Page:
In Brockville we have committed volunteer groups and committees of council, and we have an activity-hungry populace. Yet as long as we have a city council with a passive-aggressive stance on becoming walk-friendly and bike-friendly (and age-friendly and youth-friendly), we will make little progress.
“If we want healthier communities, we must make it easier for individuals to feel good about physical activity in the context of their own lives. We are more likely to walk to services in our community if we have food security and appropriate shoes. We are more likely to attempt a new activity if we have the literacy and information centre to understand it better. We are more likely bike to work if we feel safe and comfortable in accessing our route. We are more likely to comply with exercises when values and promotions of our community support this.“
“The evidence shows us behaviour stems from the social, the economic and the political, much more so than from the personal.”
“residential streets are where families go for walks, where neighbours greet and chat with each other, and where kids ride their bikes to school and play games. If these are indeed legitimate uses for streets, its time that we recognize this, by humanizing the speed of vehicle movement along these roadways.”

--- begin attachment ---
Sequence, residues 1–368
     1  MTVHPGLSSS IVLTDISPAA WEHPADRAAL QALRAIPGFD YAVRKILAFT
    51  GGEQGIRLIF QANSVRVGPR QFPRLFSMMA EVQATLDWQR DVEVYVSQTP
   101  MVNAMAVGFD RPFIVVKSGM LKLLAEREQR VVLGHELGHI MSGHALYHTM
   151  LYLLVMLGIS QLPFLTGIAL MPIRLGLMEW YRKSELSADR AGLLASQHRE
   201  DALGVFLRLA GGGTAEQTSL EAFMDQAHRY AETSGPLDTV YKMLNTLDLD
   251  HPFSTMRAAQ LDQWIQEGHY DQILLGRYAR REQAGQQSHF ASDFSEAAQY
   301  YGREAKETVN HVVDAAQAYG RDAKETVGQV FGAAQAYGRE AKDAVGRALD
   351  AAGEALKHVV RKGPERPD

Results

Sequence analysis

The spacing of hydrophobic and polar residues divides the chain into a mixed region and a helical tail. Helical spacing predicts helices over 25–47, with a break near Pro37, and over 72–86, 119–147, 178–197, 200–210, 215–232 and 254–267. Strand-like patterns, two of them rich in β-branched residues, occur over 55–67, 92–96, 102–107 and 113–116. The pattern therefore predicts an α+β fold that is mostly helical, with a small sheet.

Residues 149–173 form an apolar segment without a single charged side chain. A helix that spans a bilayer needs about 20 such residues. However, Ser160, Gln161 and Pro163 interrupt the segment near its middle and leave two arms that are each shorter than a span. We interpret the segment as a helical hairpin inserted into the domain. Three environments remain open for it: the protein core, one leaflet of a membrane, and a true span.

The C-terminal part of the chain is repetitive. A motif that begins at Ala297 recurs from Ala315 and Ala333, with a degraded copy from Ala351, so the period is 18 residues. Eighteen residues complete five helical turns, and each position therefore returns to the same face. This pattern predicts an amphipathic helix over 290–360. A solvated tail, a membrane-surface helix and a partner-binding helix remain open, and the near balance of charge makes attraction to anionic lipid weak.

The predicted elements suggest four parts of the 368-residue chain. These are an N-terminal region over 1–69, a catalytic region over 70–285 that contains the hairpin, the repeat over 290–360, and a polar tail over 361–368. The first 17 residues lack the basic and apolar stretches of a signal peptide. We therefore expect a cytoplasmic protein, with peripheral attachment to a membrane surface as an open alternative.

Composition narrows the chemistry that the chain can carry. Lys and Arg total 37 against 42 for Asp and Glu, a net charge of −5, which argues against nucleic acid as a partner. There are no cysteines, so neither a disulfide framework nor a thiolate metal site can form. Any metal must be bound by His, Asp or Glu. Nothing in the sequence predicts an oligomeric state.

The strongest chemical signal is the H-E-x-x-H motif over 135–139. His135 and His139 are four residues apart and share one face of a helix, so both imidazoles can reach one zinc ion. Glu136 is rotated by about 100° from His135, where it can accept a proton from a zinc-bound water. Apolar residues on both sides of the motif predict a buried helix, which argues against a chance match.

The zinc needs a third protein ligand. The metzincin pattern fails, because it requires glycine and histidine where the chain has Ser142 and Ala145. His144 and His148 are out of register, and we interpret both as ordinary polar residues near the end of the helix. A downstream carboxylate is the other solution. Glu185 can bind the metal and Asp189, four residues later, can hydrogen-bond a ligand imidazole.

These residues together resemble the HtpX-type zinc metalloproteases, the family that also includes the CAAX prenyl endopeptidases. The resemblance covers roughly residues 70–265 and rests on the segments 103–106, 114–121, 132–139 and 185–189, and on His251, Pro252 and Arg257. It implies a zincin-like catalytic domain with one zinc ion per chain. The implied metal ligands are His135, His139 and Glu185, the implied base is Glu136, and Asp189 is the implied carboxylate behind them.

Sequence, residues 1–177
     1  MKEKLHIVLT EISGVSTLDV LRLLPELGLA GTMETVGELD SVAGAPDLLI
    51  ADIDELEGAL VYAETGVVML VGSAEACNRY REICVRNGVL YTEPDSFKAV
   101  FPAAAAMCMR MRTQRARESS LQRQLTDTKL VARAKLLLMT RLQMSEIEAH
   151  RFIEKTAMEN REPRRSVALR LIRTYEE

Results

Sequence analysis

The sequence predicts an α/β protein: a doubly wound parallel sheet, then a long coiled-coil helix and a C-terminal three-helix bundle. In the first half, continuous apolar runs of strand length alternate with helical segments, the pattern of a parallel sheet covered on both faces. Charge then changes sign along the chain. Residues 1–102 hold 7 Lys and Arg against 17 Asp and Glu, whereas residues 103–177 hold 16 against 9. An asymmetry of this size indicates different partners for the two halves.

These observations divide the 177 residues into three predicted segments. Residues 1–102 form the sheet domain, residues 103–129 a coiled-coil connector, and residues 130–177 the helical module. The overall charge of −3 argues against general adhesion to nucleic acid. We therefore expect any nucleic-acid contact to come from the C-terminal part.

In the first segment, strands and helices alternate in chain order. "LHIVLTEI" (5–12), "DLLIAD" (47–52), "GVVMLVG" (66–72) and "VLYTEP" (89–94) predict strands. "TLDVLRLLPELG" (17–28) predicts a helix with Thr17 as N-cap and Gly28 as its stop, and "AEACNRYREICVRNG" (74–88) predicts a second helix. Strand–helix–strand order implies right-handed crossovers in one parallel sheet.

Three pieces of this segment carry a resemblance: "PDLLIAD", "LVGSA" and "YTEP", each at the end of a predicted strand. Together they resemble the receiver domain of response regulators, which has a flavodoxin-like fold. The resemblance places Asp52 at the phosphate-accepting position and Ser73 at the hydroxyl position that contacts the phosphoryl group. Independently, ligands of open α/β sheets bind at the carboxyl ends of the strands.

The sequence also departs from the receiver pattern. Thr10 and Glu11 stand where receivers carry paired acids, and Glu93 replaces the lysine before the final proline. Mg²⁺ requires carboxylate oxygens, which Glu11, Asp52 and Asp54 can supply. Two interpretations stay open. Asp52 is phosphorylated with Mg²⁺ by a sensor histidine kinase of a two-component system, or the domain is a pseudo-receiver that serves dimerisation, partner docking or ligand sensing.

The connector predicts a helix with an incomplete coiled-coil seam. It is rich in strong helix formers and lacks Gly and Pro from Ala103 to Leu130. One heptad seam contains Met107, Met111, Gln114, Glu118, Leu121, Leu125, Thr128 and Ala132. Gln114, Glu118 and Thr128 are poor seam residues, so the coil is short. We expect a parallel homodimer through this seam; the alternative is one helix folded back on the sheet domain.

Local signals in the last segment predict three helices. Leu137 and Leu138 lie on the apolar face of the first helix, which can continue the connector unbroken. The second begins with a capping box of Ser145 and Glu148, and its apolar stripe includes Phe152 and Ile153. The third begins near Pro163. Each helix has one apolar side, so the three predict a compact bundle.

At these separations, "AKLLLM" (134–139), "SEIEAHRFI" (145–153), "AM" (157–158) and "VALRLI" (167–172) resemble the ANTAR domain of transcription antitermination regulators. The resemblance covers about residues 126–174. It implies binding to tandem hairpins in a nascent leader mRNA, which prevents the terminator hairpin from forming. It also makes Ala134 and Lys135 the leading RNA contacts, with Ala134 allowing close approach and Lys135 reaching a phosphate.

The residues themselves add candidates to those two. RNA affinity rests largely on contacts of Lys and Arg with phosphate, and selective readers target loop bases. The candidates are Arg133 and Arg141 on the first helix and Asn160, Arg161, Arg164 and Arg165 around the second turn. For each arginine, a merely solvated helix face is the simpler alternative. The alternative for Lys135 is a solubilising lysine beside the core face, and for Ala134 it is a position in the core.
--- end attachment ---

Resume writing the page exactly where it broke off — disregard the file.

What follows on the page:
A dozen weeks ago Brockville City Council voted to turn a long history of unfulfilled promises into a commitment to develop an active transportation plan. That initiated a contract with MTO to receive $183,000 of funding for cycling projects on the condition that the city develop and approve an active transportation plan. The city also entered into a $60,000 contract with an engineering consulting firm to lead the development of that plan, with $48,000 of the cost coming from the provincial grant and $12,000 of city capital earmarked for the cycling advisory committee’s projects.
There were many good reasons for undertaking this approach, all discussed at that council meeting. One of the factors was the opportunity to tap a subsequent three years of provincial cycling funding, an opportunity killed by the incoming provincial government. At a recent meeting of the Finance, Administration & Operations standing committee, committee members overrode Council’s decision by asking that a hold be put on the process of developing the active transportation plan.